Along with its other troubles, contemporary Ireland has had to contend with a powerful upsurge of generational friction, as the scope expands for old-fashioned parents and modern offspring to get at one another's throats. A set-up along these lines has begun to loom quite large in Irish fiction, and it's often centred on a fraught homecoming. Someone - usually a daughter - is returning to her birthplace with more or less devastating news for parents who lack the resources to liberalise themselves.
John McGahern, Deirdre Madden and Anne Devlin are among authors who have explored this theme. Now it's the turn of Bernard MacLaverty, whose new novel - his first since Cal, 14 years ago - takes a young woman composer in a state of postnatal doldrums, accompanies her home to a town in mid- Ulster for her father's funeral, and branches out to orchestrate such issues as feminism, artistic creativity and the possibilities for reconciliation.
Catherine McKenna is the only child of a Catholic publican and occasional bumbling drunkard in a Co Derry town such as Maghera or Moneymore, or some other place where a metropolitan progressiveness has never taken hold. She is something of a musical prodigy. Her career moves steadily forward, via a music teacher at home, university in Belfast, a postgraduate year in Glasgow, a spell in Kiev, a teaching post on Islay, an important commission from the BBC.
Through it all, this outstanding composer shows a striking composure, though her personal circumstances - childbirth, estrangement from her family, disintegrating relations with the baby's drunken father - finally bring about the frayed nerves and lowness of spirit which colour the narrative. A despondent state, in fiction, is usually tied up with inner perceptions; things happen in the mind, while the impact of actual goings-on is muffled. The drama is all internal.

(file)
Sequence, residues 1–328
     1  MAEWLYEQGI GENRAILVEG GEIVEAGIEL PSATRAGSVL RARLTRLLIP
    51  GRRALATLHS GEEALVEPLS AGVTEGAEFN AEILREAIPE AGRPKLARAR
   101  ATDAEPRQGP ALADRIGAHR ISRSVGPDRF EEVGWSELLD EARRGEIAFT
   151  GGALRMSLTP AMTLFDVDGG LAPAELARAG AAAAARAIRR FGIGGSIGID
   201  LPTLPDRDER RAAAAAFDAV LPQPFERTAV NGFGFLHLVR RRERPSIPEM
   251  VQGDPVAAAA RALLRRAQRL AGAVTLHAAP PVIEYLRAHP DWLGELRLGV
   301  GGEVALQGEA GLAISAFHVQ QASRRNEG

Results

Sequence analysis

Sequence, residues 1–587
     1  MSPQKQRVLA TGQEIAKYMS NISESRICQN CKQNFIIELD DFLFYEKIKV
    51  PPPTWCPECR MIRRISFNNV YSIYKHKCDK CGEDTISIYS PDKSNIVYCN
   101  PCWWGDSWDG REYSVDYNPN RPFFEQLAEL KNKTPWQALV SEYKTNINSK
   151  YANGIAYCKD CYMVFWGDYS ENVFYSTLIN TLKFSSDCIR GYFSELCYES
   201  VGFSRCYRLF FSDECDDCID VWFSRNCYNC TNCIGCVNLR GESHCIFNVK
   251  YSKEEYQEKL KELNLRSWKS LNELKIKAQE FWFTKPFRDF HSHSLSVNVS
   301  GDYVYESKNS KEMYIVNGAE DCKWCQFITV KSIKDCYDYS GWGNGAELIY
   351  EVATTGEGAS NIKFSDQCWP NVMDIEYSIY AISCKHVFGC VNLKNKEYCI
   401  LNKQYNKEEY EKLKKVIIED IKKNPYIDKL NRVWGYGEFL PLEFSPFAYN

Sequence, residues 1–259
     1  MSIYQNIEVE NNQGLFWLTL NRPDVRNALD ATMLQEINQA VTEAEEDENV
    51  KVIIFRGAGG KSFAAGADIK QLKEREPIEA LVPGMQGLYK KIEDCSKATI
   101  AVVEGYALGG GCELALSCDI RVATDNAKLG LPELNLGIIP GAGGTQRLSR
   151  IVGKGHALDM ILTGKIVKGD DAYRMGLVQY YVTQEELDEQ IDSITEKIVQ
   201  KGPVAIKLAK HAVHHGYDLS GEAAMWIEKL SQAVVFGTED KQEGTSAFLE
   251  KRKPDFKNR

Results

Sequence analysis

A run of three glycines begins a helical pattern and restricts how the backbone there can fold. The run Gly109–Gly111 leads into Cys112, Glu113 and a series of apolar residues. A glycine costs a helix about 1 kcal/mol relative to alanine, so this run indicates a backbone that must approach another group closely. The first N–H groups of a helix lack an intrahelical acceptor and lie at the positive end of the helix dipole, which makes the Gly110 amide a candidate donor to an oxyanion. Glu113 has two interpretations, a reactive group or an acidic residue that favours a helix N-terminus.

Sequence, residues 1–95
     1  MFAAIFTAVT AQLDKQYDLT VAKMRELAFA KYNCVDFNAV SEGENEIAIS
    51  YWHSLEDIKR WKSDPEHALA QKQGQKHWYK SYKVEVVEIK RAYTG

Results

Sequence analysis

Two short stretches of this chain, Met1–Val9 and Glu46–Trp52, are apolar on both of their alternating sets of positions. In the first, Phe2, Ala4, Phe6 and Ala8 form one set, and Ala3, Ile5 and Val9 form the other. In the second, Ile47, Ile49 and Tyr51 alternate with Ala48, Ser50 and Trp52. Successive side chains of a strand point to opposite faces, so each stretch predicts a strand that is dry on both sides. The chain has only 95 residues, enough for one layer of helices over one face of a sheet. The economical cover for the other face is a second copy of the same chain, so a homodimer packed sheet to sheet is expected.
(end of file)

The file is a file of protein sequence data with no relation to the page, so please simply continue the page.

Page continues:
In Grace Notes, in fact, the story-line is virtually abolished. This is a very subtle novel which gains its richness from sources far removed from plentiful activity. The musical dimension, if you want to read it that way, may stand for those emotions too intense to be articulated; but is also facilitates a range of implications and wordplay. It makes a space in which a lot of disparate things are arranged in harmony: hormones and homophones, a pain and piano-playing, Islay and atrocities. And it turns the Orange Lambeg Drum, shorn of its militancy and triumphalism, into an emblem of integration.
Bernard MacLaverty shows his usual relish for the lowly everyday detail, the squeaking laundry-basket (pace Katherine Mansfield), or the noise - the "chink" - a spoon makes against the side of a mug. Sometimes the close scrutiny, the peering annotations, seem to lead nowhere. He takes 12 pages, at one point, to describe a walk along a Scottish beach in the course of which nothing happens beyond the necessary placing of one foot in front of the other.
However, there is generally enough substance in the things that strike him, or his heroine, to cut out tedium. He is, at best, a delicate observer of familiar life - and eloquent in a minor key. Grace Notes, too, though it's far from being constructed in a comic spirit, contains the odd joke or two: "Another time in the pub she overheard Malcolm Black and a student arguing about Britain and Ireland being at loggerheads. She nose-dived into the argument, rolling up her political sleeves, only to find that they were talking about Benjamin Britten and the disagreements he had had with his composition teacher, John Ireland, at the Royal College of Music." It's a tiny caveat about impetuosity and conditioned responses.Reuse content